This value-added tax a.k.a. VAT calculator is a tool you can use to compute the amount of VAT you need to pay and the gross price of the product based on its net value. Besides, you may employ our calculator to add VAT or remove VAT to/from the net/gross amount. Before you use this online VAT calculator, you may want to take a moment to read more about the topic: what is VAT, what is its history, how to work out VAT manually, and what are its economic implications together with some interesting facts.
Value added tax (VAT), is a consumption tax; it is applied to goods and services, which is why it is known as goods and services tax (GST) known in some countries (Australia, Canada, New Zealand, and Singapore). The name refers to the fact that it is a tax on the “added value”, that is the sale price of a product after deducting the cost of materials and other taxable inputs (see below for an example). Another form of consumption tax is the sales tax.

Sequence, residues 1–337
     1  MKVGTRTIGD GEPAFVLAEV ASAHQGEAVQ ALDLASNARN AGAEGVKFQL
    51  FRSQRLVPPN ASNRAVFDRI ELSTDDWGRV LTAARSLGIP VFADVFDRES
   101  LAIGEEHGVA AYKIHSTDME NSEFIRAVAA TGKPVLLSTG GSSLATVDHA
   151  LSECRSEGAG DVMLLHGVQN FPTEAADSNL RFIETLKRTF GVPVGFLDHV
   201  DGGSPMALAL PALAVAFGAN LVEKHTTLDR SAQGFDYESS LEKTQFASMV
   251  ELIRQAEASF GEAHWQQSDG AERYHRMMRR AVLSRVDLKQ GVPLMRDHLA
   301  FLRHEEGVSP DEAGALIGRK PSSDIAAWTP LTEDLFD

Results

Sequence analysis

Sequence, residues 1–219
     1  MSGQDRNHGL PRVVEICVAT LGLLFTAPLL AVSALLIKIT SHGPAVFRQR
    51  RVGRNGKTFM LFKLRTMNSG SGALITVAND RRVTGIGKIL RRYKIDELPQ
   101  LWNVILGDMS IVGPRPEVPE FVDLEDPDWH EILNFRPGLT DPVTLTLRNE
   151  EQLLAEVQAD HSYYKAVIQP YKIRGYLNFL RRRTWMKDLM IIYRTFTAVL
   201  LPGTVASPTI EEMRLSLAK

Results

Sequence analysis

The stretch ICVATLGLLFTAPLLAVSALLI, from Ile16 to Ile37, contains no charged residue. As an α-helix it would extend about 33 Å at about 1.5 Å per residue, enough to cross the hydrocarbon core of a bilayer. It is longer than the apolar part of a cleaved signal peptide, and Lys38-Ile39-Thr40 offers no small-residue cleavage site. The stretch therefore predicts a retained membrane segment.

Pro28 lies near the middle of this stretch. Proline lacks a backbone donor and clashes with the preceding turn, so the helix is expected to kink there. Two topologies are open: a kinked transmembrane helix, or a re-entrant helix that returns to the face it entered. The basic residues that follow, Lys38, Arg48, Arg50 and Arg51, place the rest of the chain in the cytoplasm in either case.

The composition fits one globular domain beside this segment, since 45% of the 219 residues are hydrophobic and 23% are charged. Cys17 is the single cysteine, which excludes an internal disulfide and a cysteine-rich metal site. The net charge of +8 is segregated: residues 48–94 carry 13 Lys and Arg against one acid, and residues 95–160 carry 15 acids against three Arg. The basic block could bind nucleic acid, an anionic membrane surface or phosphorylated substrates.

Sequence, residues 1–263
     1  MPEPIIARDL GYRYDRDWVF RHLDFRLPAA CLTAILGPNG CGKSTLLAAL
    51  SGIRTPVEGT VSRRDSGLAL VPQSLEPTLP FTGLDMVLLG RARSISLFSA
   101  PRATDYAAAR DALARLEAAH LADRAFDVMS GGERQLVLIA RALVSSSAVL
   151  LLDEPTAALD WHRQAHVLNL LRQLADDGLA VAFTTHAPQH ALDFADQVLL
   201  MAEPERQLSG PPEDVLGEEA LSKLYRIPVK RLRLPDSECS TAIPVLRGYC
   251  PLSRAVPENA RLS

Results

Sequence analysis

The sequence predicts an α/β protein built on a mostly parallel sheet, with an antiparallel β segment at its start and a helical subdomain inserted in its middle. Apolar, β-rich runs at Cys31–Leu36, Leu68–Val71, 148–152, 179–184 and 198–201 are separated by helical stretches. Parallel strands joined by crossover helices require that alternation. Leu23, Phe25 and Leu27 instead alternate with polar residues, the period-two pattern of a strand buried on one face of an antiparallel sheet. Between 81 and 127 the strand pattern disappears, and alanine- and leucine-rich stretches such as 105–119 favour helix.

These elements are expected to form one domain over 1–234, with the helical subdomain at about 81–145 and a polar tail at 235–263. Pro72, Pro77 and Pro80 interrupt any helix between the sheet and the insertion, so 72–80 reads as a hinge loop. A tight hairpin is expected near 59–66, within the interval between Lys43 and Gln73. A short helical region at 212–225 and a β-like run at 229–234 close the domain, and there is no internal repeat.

What is the difference between VAT/GST and sales tax?
VAT/GST applies to every stage of production of goods and services (therefore called a multi-stage tax) and is calculated based on the “added value” only. It means that each participant in the production chain pays VAT only for the “added value” they create. This process goes on until the product reaches its final recipient – the customer. He/she does not produce any “added value”, therefore it is he/she who is the ultimate bearer of the tax burden.
In contrast, the retail sales tax is a single-stage tax charged on the total value of sold goods or services when the sale takes place. Therefore it is paid only once in contrast to VAT, which is calculated multiple times.
Through a simple example, the below table illustrates the comparison between VAT and sales tax. Imagine a lumberjack cutting trees (without cost) who sells the wood (enough for one barrel) to a sawmill owner for $100. The sawmill owner cuts the wood into oak staves and sells it to the cooper for $150. The cooper then makes a barrel that he can sell for $300 to the retailer who eventually sells it to the customer for $350. The total VAT paid is $35 or 10% of the sum of values added at each stage. In the case of sales tax with the same 10% rate the paid tax is identical, however, it’s assessed only at the point of sale to the customer.